I always thought one of the benefits of becoming proficient in a foreign language would be that I’d be able to read another country’s literature in the original language, rather than in translation. (In fact, if I chose the language wisely, I’d be able to read that of more than one country.) I never thought for a moment that it would enable me to read a novel set in England, originally written in English by an English author but which has, so far, only been published in translation.
Please see pic for Exhibit ‘A’ – Della Says: OMG! – a book that I would not normally pick up to read the blurb on the back cover, let alone buy and read cover-to-cover in one sitting. Why? We-ell, there’s shocking pink and fluorescent green on the front cover, for starters, the book title contains text speak (even though, yes, I use it myself. Guilty as charged) and it’s a book aimed at the teen market.
I’m hoping that Bernhard Schlink’s thought-provoking novel The Reader doesn’t become a footnote to Kate Winslet’s Oscar success in the film adaptation. It is a book that deserves far more that the sorry footnote of simply becoming the book of the film.
I don’t know about you but I’ve always wished there was a little bit more magic and some of that ever-so-helpful fairy dust in my life from time to time. But Catherine Ryan Howard had bigger dreams than this.
I am fast coming around to the idea that I should either get my book recommendations from Twitter or work my way through the Avon Imprint titles for the foreseeable future. So far this year, I’ve read two of their books found through the social networking site (the first of which was Miranda Dickinson’s Fairytale of New York, reviewed here) and both have been great reads. Have I mentioned before how much I love Twitter? I have? Want me to stop raving about it? Not likely to happen anytime soon. Sorry.
So this is my second Twitter Treasure: The Dating Detox is Gemma Burgess’ debut novel and a very fine one it is too. I did wonder when I read the book cover if it was for me or not: I’m no longer in my twenties (except in my head); I’ve only ever watched one episode of Sex and the City, although I have, in my defence, seen the film; I loathed the Bridget Jones’ books with a passion; I was never that bothered if I was dating or not in my twenties as long as I was having fun; and I am, and no doubt always will be, sartorially challenged at the best of times. I’m going to keep the fact that I own more trainers than shoes to myself. Probably best for now.
Anyway, The Dating Detox is the story of Sass, a twenty-something copywriter working for a London agency, who is about to be unceremoniously dumped for the sixth time in a row when the book opens. This sparks a crisis in Sass’ life and, although she deals with it by an initial and understandable period of wallowing, she then comes up with a great alternative remedy called The Dating Detox, a 10-point checklist designed to keep her from falling into the clutches of another man only to have him break her heart somewhere down the line. It’s a great concept and keeping up with Sass’ attempts at sticking to her non-dating mantra is, in turns, immensely enjoyable, frustrating when she looks as if she’s missing out on future happiness, and a real ride. Hold on tight to the covers as it’s a bit of a bumpy one and don’t let go until you’ve seen Sass safely through to the end.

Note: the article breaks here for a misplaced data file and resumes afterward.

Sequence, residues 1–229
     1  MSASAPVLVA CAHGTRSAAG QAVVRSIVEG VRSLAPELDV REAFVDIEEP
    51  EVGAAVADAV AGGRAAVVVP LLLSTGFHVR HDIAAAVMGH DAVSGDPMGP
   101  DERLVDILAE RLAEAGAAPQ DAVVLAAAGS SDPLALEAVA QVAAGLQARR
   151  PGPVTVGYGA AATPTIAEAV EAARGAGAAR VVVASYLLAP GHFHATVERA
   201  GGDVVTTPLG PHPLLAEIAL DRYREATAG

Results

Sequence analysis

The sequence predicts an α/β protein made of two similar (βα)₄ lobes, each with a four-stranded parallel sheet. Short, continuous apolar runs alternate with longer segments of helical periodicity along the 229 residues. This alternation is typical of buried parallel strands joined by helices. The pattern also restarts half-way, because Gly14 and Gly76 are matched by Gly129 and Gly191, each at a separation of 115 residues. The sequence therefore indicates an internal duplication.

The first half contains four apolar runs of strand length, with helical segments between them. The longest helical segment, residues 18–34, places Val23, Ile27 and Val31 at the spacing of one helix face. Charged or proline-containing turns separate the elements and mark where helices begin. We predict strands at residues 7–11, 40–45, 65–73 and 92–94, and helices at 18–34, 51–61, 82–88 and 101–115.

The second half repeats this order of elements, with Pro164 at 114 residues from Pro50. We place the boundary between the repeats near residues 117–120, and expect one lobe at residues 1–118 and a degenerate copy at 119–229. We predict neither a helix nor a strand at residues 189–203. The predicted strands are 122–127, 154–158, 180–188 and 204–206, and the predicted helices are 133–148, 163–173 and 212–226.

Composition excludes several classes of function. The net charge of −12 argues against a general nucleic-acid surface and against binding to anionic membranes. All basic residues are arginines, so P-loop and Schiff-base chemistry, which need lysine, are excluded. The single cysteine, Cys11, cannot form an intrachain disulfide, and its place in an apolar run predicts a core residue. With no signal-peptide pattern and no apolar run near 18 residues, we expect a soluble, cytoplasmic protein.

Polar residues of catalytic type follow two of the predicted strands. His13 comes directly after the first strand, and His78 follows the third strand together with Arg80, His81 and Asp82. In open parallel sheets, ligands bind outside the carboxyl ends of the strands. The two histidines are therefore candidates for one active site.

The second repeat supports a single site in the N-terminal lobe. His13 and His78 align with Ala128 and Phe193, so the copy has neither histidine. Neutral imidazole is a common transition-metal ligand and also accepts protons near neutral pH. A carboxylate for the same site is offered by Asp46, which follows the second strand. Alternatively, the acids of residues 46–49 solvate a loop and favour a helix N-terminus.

Any initial doubts I had about the book vanished in the space of a very few pages. Sass saw to that. She is an exceptionally likeable, real and endearing character, the kind of woman you’d like to have as a friend. I loved her voice throughout the book, as well as her attitude and sheer Sass-iness. She’s also made me look at clothes in a whole new light and I will certainly consider my choice of outfit more carefully after having read this book. I found myself looking forward to Sass and her (sometimes twice-daily) creating and naming of the outfit routine. Way to make the ordeal of what to wear fun!
While Sass is the main character, and a very dominant one at that – well, it is her story, after all – there is a fabulous supporting cast of friends and co-workers and Gemma brings these to life with equal flair. The friendships and relationships in the book feel real and genuine, as do the characters. I also love that Sass gives her ex-boyfriends great nicknames, which help us build up a picture of the men she’s dated and why she might not have had the long-term relationship she was perhaps hoping for.
The Dating Detox is a fantastic read and I wholeheartedly recommend it. If, as the blurb says, life is a party, then this book is not only full of life but its very own paperback party. Get the drinks in, put on your best party outfit, kick off your dancing shoes and curl up and enjoy. You’ll be reading it into the wee small hours, I guarantee it.
The Dating Detox by Gemma Burgess is published by Avon, an Imprint of HarperCollins. You can buy it through this site by clicking on the above image. To find out more about Gemma, The Dating Detox and her next book, visit GemmaBurgess.com.
Jeremy Northam is proving to be an interesting travelling companion. In 2008, after first splitting our time between languidly idling among the dreamy spires of Oxford and staying at an imposing stately home in the English countryside, we flitted off together for a brief sojourn on the Venetian lagoon, before later wandering the souks of Morocco.